Also, a record label is involved in other aspects of your revenue stream, then can help coordinate your touring etc, so I could see where they get the audacity to try to claim some of that income. How does a publisher figure they have a right to it. Unless you’re offering ten million up front, a publishing deal is not a must take for an artist. Hopefully, they all have good counsel that will tell them to reject the deal. Its not gonna work. Their greed will cause them to lose out.
    This is all just copycatting. EMI has tightly integrated its publishing division with its label and now calls itself a multiple rights organization and I guess others are looking at it with envy. Warner, if as a label you want to do 360 deals, cool, but your publishing company can not make these type of demands, especially from people that have already signed record contracts.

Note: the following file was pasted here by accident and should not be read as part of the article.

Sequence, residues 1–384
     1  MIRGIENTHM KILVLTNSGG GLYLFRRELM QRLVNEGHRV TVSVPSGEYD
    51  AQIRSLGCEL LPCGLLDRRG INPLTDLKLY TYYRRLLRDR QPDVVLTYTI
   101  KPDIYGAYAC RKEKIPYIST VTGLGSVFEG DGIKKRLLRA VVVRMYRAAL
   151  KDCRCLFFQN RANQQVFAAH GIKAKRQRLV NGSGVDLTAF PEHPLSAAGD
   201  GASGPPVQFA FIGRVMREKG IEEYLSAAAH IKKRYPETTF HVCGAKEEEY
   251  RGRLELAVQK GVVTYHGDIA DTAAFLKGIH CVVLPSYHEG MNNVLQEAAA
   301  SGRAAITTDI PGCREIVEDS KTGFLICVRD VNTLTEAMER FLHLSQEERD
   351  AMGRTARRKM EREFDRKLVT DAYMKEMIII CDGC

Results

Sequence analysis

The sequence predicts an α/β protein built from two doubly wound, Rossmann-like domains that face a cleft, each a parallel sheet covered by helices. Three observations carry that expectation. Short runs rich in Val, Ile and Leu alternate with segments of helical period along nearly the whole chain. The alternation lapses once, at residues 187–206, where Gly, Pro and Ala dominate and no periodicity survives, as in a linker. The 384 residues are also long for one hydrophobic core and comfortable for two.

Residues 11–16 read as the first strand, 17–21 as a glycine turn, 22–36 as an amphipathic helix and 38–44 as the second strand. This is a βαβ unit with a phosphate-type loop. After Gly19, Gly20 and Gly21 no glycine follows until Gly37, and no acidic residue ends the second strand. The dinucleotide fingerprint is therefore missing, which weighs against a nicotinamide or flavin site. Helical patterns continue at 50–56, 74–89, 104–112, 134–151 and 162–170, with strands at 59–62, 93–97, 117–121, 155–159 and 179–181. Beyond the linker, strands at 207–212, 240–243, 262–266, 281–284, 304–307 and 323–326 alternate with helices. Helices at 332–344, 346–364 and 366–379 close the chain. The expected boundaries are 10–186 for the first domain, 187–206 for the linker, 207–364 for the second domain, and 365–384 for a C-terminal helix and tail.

5. Don’t cry about it. Nothing can beat a good song. The public audience is who rules the air, not these goons. Pick up your boot straps, write long and hard and it will pay off. Gain fans with your sincerity and truth. Believe in yourself and your music enough that other people have no choice but to be infected with your passion. If you do this your audience will give the publishers and people in high places of power no choice but to play your songs on the radio, in movies, and on television. Crying about it is a waste of time. I hope that this is the last comment on this thread because it’s 2010, we’ve been having this conversation for 20+ years. Lets spend our time on more productive things, like writing. If you’re passionate, some person in a suit cannot stop you. Only you can. A 360 deal isn’t all bad. Is your career about making a few more points per dollar or sharing your passion with the world? If you eat every day and have a place to rest your head and the ability to live comfortably all while living daily in your passion then what do you have to be worried about? Play on.